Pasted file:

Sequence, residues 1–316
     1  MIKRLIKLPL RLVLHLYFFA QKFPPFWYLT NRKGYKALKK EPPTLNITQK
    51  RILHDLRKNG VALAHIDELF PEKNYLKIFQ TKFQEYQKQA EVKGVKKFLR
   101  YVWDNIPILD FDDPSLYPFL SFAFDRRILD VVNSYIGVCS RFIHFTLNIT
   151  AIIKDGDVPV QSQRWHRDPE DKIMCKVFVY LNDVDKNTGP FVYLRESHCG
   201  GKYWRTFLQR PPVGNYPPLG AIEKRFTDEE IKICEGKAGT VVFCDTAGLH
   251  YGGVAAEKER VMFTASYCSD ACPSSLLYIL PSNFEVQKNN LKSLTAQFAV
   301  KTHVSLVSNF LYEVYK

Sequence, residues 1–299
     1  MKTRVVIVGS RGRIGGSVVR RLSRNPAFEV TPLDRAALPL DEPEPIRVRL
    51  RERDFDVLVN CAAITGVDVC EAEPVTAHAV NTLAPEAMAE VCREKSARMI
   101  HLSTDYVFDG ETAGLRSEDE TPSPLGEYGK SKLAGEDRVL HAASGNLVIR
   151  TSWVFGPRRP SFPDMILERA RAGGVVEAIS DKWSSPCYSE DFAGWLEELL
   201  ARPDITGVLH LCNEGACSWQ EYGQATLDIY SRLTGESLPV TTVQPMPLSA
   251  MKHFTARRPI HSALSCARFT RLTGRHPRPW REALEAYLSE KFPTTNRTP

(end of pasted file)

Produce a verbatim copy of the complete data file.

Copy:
Sequence, residues 1–316
     1  MIKRLIKLPL RLVLHLYFFA QKFPPFWYLT NRKGYKALKK EPPTLNITQK
    51  RILHDLRKNG VALAHIDELF PEKNYLKIFQ TKFQEYQKQA EVKGVKKFLR
   101  YVWDNIPILD FDDPSLYPFL SFAFDRRILD VVNSYIGVCS RFIHFTLNIT
   151  AIIKDGDVPV QSQRWHRDPE DKIMCKVFVY LNDVDKNTGP FVYLRESHCG
   201  GKYWRTFLQR PPVGNYPPLG AIEKRFTDEE IKICEGKAGT VVFCDTAGLH
   251  YGGVAAEKER VMFTASYCSD ACPSSLLYIL PSNFEVQKNN LKSLTAQFAV
   301  KTHVSLVSNF LYEVYK

Sequence, residues 1–299
     1  MKTRVVIVGS RGRIGGSVVR RLSRNPAFEV TPLDRAALPL DEPEPIRVRL
    51  RERDFDVLVN CAAITGVDVC EAEPVTAHAV NTLAPEAMAE VCREKSARMI
   101  HLSTDYVFDG ETAGLRSEDE TPSPLGEYGK SKLAGEDRVL HAASGNLVIR
   151  TSWVFGPRRP SFPDMILERA RAGGVVEAIS DKWSSPCYSE DFAGWLEELL
   201  ARPDITGVLH LCNEGACSWQ EYGQATLDIY SRLTGESLPV TTVQPMPLSA
   251  MKHFTARRPI HSALSCARFT RLTGRHPRPW REALEAYLSE KFPTTNRTP